Originally commissioned for Peloton magazine .
For a land of lush green hills and blazing blue skies, the color white is surprisingly significant. In Tuscany we ride on or skitter across, the strade bianche . White dust blooms under our wheels. And at Carrara, a hundred kilometers north of Florence, white has for centuries been symbolic. Fantiscritti Quarry. Carrara. Tuscany. Italy. (Photo by: Claudio Ciabochi/Education Images/Universal Images Group via Getty Images) Carrara sits on the Tuscan coast, a sleepy enough seaside town. Look inland, however, and you will be confronted with the Apuan Alps, a range of jagged white and grey peaks that look more like Mordor than Italy. Venture up into these hills to find a strange landscape. Huge chunks have been gouged out of the mountains; these are the Carrara marble quarries. Marble has been extracted here since Roman times. Used for buildings, monuments, and sculptures, Carrara marble is a valuable commodity, prized for its purity. There are three major open-air quarry sites, each with constantly changing terraces of stone. Nearby tunnels lead to enormous underground quarries, as big as cathedrals.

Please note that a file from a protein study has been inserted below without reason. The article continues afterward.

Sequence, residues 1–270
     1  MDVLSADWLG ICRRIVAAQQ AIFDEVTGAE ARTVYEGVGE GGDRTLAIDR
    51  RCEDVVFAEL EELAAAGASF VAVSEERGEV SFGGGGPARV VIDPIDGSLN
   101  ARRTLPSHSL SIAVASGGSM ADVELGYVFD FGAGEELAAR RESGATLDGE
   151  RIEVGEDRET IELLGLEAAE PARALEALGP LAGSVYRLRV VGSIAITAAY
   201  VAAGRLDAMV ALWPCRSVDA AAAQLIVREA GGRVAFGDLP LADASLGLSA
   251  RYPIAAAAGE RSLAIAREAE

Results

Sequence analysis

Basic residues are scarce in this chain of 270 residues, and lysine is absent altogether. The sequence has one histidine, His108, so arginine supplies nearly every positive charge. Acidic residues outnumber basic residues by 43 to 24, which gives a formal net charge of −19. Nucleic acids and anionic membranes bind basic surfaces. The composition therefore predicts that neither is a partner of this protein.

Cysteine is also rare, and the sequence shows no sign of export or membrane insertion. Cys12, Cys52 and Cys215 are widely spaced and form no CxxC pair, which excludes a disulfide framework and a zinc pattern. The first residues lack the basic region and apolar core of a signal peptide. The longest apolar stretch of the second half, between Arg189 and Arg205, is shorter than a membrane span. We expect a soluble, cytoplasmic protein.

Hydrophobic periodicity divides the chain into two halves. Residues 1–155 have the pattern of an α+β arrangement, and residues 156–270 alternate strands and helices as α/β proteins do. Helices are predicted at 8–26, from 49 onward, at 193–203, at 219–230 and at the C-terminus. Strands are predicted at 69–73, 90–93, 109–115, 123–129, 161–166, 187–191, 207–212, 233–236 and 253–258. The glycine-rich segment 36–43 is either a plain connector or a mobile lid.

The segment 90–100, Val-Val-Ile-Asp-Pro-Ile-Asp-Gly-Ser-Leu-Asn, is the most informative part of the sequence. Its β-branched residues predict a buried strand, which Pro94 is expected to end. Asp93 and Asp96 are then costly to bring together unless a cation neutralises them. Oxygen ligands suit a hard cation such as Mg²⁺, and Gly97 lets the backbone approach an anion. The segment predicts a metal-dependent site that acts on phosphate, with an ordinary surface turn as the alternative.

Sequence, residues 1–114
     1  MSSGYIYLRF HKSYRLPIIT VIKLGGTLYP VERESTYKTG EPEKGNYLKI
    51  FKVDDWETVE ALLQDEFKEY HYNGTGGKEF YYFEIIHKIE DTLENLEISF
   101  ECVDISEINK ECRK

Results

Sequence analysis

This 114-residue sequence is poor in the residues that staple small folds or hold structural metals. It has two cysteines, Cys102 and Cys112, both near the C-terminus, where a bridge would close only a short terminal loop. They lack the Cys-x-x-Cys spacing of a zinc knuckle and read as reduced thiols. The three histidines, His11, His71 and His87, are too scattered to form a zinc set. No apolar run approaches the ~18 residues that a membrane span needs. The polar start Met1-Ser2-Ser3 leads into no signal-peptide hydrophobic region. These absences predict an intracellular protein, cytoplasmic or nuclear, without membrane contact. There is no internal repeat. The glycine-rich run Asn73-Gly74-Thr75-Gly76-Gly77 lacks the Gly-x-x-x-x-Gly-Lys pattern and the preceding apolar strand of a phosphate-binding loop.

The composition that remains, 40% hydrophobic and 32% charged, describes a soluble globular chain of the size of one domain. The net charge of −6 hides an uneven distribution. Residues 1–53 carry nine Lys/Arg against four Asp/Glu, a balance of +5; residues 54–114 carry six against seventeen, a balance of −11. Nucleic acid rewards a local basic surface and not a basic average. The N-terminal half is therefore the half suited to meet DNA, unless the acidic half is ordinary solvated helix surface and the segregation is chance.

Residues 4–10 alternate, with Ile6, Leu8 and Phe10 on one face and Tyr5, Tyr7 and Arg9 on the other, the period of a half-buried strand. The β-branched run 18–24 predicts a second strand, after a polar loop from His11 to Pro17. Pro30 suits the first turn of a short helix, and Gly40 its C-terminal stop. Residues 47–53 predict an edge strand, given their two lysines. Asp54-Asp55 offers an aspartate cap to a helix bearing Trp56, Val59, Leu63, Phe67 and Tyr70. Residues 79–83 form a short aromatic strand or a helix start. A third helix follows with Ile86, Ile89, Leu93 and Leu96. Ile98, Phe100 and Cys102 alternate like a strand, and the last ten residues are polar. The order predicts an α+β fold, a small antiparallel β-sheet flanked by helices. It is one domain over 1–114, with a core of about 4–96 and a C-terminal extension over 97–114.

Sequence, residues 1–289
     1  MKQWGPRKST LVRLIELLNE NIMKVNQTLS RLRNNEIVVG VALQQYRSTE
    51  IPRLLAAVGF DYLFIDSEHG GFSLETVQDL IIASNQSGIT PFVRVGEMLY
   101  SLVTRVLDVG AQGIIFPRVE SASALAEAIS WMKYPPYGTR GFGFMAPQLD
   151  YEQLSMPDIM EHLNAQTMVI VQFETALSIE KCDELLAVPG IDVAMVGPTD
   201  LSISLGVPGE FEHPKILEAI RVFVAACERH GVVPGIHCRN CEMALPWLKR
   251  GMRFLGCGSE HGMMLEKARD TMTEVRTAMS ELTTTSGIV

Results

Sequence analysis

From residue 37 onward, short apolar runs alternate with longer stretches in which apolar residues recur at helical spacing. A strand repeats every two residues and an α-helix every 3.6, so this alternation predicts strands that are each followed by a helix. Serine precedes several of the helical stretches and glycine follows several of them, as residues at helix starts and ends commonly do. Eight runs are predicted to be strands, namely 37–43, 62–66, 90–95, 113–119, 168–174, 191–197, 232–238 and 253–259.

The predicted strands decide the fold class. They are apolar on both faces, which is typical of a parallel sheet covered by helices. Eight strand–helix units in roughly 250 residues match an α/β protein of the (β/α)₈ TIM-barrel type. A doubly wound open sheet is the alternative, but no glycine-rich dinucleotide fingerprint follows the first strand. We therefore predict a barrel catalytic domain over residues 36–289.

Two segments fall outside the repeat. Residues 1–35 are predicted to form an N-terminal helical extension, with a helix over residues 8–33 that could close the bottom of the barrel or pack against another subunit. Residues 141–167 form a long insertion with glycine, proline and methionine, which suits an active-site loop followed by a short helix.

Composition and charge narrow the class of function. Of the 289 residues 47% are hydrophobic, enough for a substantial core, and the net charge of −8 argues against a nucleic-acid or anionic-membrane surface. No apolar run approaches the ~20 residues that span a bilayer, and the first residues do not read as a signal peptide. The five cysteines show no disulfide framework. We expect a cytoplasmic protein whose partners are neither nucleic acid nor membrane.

Carrara marble has been used by builders and artists since Ancient Rome. The Pantheon in Rome is constructed of it. Michelangelo came to the quarries to personally pick his material for his five meters tall masterpiece David, now residing in the Galleria dell’Accademia in Florence.
Five centuries after the original David was fashioned, Brazilian artist Eduardo Kobra traveled to Italy to pay his own tribute to Michelangelo’s work. Kobra […]
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